2023 RTP round - The Chemistry of Antibiotic Resistance in Water Systems - PhD

Curtin University

Perth WA, Australia 🇦🇺

Status: Open

Applications open: 8/07/2022
Applications close: 18/08/2022

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About this scholarship

Description/Applicant information

Antibiotic resistance is one of the biggest threats to global health, food and water security, and economic prosperity today. Antibiotics are medicines which are used to prevent and treat bacterial infections. More broadly, antimicrobials, including antibiotics, antifungals and antivirals, treat infections and diseases in humans, plants and animals. Antibiotic (or antimicrobial) resistance occurs when bacteria (or fungi or viruses) change or adapt in response to the use of antibiotics and become antibiotic-resistant. Infections caused by these bacteria are then much harder to treat than those caused by non-resistant bacteria. Antibiotic-resistant microorganisms can share their resistant genes with other microorganisms, such that the other organisms can become antibiotic-resistant, even if they have never been exposed to antibiotics.


Antibiotic-resistant microorganisms have been found in environmental water systems, such as rivers, lakes and oceans. These organisms can often be traced back to wastewater discharged from hospitals, farms or wastewater treatment plants. Even if a wastewater treatment plant is performing well, antibiotic-resistant microorganisms and genes may not be fully removed from the raw wastewater, resulting in their discharge to the environment. Once in the environment, antibiotic-resistant microorganisms can infect humans, animals and aquatic life, as well as share resistant genes with native microorganisms. Thus, water systems contribute to the spread of antibiotic resistance and are a key part of a ‘One Health’ multi-sector response to this global issue.


The occurrence of antibiotic-resistant microorganisms in wastewater treatment plants derives not only from human excretion of these organisms but from prolonged, low-level exposure of the suite of microorganisms in biological wastewater treatment stages to antibiotics present in the wastewater. These antibiotics arise from disposal of unused medicines and human excretion into the sewerage system.


The aim of this project, therefore, is to study the occurrence of specific antibiotics and their human metabolites in wastewater treatment plants, as well as examine existing and emerging technologies for mitigation of antibiotic resistance in water systems. This project will be undertaken in collaboration with partners in the water industry and with microbiological researchers.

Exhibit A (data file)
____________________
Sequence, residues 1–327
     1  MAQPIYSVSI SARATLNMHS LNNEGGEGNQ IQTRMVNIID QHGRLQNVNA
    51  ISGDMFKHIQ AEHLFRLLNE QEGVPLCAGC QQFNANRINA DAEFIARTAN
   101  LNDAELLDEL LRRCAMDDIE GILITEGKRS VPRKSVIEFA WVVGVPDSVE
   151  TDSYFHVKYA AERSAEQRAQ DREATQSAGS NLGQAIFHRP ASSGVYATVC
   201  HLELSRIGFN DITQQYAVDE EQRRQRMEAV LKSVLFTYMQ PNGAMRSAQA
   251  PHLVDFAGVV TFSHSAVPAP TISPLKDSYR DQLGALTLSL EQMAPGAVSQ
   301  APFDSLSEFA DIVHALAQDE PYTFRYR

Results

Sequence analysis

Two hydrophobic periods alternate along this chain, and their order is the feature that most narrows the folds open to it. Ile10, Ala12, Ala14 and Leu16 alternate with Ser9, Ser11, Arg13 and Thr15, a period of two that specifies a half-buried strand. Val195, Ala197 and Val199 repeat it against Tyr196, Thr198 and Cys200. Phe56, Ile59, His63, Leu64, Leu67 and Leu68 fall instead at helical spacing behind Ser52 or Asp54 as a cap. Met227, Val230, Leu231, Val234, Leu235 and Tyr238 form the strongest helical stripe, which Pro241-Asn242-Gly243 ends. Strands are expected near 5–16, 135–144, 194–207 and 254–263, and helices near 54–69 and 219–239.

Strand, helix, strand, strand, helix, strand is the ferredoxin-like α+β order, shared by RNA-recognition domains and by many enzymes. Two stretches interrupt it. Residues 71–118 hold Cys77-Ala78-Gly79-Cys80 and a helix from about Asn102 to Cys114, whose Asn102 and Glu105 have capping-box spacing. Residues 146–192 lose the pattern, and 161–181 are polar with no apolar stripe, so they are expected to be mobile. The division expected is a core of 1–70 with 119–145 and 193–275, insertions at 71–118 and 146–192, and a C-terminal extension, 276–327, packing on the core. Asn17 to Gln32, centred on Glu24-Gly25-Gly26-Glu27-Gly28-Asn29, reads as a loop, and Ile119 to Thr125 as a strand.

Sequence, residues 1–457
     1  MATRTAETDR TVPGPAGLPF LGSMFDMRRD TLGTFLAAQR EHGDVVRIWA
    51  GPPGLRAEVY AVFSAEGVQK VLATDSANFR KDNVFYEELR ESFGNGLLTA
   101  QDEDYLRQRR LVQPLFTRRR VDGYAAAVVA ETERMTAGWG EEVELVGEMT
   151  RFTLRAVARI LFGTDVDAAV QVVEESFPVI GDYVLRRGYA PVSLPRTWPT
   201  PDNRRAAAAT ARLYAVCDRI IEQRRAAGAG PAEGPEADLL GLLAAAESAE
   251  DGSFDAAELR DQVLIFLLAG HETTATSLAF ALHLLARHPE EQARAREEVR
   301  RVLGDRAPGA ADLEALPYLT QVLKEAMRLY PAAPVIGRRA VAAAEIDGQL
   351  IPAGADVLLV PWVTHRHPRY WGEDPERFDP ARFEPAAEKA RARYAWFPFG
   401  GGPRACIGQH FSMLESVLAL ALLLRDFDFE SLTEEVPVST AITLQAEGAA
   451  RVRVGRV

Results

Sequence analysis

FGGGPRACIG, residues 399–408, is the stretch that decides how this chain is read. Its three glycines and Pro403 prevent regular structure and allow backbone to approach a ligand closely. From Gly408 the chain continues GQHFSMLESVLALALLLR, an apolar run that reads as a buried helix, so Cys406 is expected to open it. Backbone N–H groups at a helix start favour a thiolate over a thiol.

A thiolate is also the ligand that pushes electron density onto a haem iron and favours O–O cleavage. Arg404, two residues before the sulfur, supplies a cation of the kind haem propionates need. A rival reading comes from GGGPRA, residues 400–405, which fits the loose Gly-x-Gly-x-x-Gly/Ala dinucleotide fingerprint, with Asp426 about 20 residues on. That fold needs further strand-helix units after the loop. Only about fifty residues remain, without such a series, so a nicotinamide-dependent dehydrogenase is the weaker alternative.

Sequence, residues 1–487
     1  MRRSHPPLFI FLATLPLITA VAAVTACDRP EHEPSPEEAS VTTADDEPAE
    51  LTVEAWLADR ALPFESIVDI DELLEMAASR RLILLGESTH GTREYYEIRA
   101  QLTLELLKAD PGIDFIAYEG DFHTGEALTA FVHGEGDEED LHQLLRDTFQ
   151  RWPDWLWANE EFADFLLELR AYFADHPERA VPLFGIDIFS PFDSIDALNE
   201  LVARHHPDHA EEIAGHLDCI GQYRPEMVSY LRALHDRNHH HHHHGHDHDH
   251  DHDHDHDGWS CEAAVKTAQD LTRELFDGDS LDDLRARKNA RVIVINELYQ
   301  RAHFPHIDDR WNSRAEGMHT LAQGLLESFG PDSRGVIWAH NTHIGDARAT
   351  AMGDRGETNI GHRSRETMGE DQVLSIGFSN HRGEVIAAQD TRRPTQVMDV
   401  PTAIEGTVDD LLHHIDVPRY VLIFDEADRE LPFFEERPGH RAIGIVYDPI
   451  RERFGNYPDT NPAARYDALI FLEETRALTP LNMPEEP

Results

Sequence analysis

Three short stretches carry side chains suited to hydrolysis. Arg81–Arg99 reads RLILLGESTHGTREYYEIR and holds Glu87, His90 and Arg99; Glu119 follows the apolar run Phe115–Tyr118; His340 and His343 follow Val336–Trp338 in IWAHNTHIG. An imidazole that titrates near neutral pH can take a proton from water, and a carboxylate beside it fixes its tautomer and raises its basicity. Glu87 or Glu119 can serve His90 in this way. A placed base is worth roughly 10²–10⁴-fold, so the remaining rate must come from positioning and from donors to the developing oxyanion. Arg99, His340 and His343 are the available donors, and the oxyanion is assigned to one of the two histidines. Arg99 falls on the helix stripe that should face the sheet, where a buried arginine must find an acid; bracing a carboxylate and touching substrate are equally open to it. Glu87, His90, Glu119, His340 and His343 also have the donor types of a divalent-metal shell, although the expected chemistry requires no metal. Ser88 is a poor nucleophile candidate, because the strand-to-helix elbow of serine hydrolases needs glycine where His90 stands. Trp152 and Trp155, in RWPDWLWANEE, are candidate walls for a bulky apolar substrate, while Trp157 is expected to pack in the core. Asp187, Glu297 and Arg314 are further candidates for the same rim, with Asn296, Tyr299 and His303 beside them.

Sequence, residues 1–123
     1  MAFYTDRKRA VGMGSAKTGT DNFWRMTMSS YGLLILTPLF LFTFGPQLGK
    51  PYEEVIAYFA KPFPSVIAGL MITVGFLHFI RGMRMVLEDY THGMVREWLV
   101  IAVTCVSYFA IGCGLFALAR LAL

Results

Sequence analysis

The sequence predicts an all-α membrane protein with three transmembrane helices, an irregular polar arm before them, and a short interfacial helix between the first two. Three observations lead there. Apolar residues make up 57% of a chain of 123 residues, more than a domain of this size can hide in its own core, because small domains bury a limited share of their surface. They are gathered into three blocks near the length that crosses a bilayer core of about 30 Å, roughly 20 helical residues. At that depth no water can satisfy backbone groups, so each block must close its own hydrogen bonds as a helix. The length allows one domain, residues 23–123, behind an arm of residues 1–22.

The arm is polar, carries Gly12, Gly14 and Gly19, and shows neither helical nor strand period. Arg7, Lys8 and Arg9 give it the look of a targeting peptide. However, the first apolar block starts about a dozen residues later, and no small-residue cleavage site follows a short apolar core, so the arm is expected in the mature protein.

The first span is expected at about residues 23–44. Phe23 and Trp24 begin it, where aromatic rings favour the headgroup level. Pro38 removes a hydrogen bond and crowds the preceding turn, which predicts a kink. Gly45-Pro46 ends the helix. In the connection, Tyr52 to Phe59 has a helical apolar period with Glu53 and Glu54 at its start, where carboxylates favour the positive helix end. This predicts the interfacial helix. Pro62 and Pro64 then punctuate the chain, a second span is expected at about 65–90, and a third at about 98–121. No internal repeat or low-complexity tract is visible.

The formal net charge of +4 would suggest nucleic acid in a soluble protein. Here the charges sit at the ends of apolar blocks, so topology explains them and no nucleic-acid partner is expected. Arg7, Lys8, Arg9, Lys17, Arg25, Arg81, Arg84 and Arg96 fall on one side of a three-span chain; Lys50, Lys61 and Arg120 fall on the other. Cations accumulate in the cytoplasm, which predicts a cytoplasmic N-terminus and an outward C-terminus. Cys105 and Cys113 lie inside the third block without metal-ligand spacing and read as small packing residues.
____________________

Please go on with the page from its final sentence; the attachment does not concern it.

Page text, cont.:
Objective 1: The first stage of this project will involve development of novel methods, and optimisation of existing methods, for analysis of antibiotics in wastewaters and environmental waters, using liquid chromatography-mass spectrometry and gas chromatography-mass spectrometry. In addition, high resolution mass spectrometric techniques will be used to identify metabolites of antibiotics present in these water systems.


Objective 2: The second stage of this project will focus on removal of antibiotics and their metabolites in various wastewater treatment processes. Existing technologies will be studied initially. Emerging technologies for mitigation of antibiotic resistance will then be investigated for their capacity to additionally remove the antibiotics and their metabolites.
 

An Internship opportunity may also be available with this project.Student type

  • Future Students

Faculty

  • Faculty of Science & Engineering
    • Science courses
    • Engineering courses
    • Western Australian School of Mines (WASM)

Course type

  • Higher Degree by Research

Citizenship

  • Australian Citizen
  • Australian Permanent Resident
  • New Zealand Citizen
  • Permanent Humanitarian Visa

Scholarship base

  • Merit Based

Value

The annual scholarship package (stipend and tuition fees) is approx. $60,000 – $70,000 p.a.

Successful HDR applicants for admission will receive a 100% fee offset for up to 4 years, stipend scholarships, valued at approx. $28,800 p.a. for up to a maximum of 3.5 years, are determined via a competitive selection process. Applicants will be notified of the scholarship outcome in November 2022. 

For detailed information, visit: Research Training Program (RTP) Scholarships | Curtin University, Perth, Australia.

Scholarship Details

Maximum number awarded

1Eligible courses

All applicable HDR coursesEligibility criteria

Ideally a Chemistry Honours graduate with skills in analytical chemistry and organic chemistry and an interest in application of chemistry to real-world systems. 

Strong written and oral English communication skills are essential. 

Application process

If this project excites you, and your research skills and experience are a good fit for this specific project, you should contact the Project Lead (listed below in the enquires section) via the Expression of Interest (EOI) form.

Enrolment Requirements

Eligible to enrol in a Higher Degree by Research Course at Curtin University by March 2023

Enquiries

To enquire about this project opportunity that includes a scholarship application, contact the Project lead, Professor Cynthia Joll via the EOI form above.


POSITION TYPE

ORGANIZATION TYPE

EXPERIENCE-LEVEL

DEGREE REQUIRED